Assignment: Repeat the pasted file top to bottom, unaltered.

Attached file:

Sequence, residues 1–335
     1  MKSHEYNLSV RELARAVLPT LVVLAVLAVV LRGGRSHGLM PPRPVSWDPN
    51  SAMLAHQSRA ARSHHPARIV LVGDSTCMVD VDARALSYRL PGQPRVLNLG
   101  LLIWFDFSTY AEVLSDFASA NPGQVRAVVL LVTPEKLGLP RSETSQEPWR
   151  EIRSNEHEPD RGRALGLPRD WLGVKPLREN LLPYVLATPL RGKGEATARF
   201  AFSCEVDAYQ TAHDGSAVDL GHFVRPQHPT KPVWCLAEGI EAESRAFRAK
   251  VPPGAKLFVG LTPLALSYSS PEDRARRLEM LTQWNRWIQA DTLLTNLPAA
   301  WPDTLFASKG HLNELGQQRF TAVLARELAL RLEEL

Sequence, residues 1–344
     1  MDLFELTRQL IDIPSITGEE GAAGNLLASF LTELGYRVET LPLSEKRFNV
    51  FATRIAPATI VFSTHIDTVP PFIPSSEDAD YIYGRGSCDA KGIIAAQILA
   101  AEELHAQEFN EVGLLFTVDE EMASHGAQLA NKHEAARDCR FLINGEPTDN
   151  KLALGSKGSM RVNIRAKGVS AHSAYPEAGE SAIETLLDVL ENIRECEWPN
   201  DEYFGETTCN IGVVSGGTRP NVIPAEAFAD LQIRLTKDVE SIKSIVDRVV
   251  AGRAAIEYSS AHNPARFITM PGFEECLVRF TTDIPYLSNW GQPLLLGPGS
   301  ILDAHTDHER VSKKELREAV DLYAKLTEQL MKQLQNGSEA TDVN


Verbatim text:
Sequence, residues 1–335
     1  MKSHEYNLSV RELARAVLPT LVVLAVLAVV LRGGRSHGLM PPRPVSWDPN
    51  SAMLAHQSRA ARSHHPARIV LVGDSTCMVD VDARALSYRL PGQPRVLNLG
   101  LLIWFDFSTY AEVLSDFASA NPGQVRAVVL LVTPEKLGLP RSETSQEPWR
   151  EIRSNEHEPD RGRALGLPRD WLGVKPLREN LLPYVLATPL RGKGEATARF
   201  AFSCEVDAYQ TAHDGSAVDL GHFVRPQHPT KPVWCLAEGI EAESRAFRAK
   251  VPPGAKLFVG LTPLALSYSS PEDRARRLEM LTQWNRWIQA DTLLTNLPAA
   301  WPDTLFASKG HLNELGQQRF TAVLARELAL RLEEL

Sequence, residues 1–344
     1  MDLFELTRQL IDIPSITGEE GAAGNLLASF LTELGYRVET LPLSEKRFNV
    51  FATRIAPATI VFSTHIDTVP PFIPSSEDAD YIYGRGSCDA KGIIAAQILA
   101  AEELHAQEFN EVGLLFTVDE EMASHGAQLA NKHEAARDCR FLINGEPTDN
   151  KLALGSKGSM RVNIRAKGVS AHSAYPEAGE SAIETLLDVL ENIRECEWPN
   201  DEYFGETTCN IGVVSGGTRP NVIPAEAFAD LQIRLTKDVE SIKSIVDRVV
   251  AGRAAIEYSS AHNPARFITM PGFEECLVRF TTDIPYLSNW GQPLLLGPGS
   301  ILDAHTDHER VSKKELREAV DLYAKLTEQL MKQLQNGSEA TDVN